In late November, the trial of Ghislaine Maxwell will begin in a New York courtroom and prosecutors have promised to disclose an “exhaustive” list of “unindicted co-conspirators” – those alleged to have worked with or benefitted from her and Jeffrey Epstein’s global sex trafficking ring.
It is likely, if the evidence prosecutors uncovered during its investigation was presented before a grand jury and deemed within the public’s right to know, that Prince Andrew, the Duke of York, if found to have done something illegal, could well be named as an unindicted co-conspirator.
The circumstantial evidence against the man who is ninth in line to the British throne seems compelling, to say the least.
Prince Andrew has not testified before the grand jury or answered questions from the U.S. Attorney for the Southern District of New York; although victims of Epstein and Maxwell, such as Giuffre, could have appeared before the grand jury to provide.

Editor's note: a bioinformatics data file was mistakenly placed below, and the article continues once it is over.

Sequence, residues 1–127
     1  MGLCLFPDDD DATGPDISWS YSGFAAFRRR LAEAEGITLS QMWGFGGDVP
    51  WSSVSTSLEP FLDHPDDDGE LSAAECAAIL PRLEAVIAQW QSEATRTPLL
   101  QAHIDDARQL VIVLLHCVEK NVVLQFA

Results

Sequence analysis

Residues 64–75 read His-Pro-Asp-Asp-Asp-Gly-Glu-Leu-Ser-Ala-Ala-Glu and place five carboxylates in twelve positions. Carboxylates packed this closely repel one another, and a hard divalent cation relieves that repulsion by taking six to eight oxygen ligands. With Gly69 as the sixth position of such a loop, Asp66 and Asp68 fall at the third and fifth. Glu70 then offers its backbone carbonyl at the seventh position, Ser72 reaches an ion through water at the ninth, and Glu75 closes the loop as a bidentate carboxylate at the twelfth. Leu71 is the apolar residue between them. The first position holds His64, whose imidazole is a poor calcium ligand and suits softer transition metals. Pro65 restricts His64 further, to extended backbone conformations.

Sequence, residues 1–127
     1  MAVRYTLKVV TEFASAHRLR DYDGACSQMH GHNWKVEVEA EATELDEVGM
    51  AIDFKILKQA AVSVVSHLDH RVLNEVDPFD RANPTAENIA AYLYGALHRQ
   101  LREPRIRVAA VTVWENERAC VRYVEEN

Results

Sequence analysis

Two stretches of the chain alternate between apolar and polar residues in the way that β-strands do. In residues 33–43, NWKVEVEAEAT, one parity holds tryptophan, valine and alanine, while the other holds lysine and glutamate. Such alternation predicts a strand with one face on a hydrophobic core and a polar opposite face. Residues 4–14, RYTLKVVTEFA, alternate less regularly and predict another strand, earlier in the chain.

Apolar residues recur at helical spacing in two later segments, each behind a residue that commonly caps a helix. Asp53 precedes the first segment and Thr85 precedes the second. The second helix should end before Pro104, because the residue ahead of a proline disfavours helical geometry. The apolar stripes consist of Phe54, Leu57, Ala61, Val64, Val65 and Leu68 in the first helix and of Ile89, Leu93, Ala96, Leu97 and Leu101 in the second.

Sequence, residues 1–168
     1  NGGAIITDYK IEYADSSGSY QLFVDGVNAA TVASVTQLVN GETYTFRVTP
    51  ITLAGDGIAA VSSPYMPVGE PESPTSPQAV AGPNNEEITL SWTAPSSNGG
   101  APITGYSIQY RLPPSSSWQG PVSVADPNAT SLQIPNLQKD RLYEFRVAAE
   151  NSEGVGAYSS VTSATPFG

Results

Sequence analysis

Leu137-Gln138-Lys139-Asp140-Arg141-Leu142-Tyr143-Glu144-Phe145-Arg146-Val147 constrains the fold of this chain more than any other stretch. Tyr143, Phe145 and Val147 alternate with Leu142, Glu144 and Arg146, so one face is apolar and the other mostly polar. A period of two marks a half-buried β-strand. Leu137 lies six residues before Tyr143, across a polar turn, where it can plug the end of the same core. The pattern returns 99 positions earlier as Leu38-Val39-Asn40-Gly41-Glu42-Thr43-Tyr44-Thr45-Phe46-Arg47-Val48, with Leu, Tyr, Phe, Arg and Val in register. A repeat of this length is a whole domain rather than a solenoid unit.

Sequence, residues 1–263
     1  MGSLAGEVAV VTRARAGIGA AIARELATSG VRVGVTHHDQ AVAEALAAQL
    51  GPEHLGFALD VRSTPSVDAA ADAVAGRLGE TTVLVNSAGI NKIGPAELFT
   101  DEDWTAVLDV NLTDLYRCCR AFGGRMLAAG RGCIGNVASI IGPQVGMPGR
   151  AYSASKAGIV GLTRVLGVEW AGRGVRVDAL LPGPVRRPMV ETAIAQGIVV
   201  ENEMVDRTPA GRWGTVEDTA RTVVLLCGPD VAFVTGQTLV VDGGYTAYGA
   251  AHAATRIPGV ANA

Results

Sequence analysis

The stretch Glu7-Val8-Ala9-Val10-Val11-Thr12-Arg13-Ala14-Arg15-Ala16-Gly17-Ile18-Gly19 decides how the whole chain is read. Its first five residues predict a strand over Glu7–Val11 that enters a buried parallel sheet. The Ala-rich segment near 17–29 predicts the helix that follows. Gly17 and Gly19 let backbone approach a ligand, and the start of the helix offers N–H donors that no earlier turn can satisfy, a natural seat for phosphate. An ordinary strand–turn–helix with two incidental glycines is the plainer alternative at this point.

Crucial is whether prosecutors were successful in introducing testimony of what is called “prior bad acts”. This is where testimony of wrongs that cannot be proven or which are barred from prosecution by the statute of limitations, are deemed admissible to prove criminal conduct.
In the first part of a Knewz.com explosive investigation, it detailed how the British police force willfully ignored sex crimes committed on British soil by Epstein, in order to preserve his status as government informant – and protect high-profile British figures associated with him.
Now Knewz.com examines just how that cover-up could come crashing down.
For more, go to Knewz.